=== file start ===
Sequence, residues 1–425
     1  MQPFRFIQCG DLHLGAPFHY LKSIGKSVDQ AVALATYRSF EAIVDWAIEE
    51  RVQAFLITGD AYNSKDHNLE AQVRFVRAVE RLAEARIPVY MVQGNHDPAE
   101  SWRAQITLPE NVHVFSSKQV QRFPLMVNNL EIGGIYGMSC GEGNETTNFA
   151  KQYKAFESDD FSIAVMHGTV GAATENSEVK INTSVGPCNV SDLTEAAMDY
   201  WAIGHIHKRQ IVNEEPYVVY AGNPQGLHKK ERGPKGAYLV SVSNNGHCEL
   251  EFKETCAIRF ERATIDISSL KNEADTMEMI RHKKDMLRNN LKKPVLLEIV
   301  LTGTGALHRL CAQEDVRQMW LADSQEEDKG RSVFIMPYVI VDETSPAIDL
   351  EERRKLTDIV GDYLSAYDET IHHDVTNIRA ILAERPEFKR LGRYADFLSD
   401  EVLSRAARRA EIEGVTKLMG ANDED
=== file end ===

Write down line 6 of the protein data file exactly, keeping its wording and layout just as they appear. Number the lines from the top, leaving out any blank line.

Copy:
   201  WAIGHIHKRQ IVNEEPYVVY AGNPQGLHKK ERGPKGAYLV SVSNNGHCEL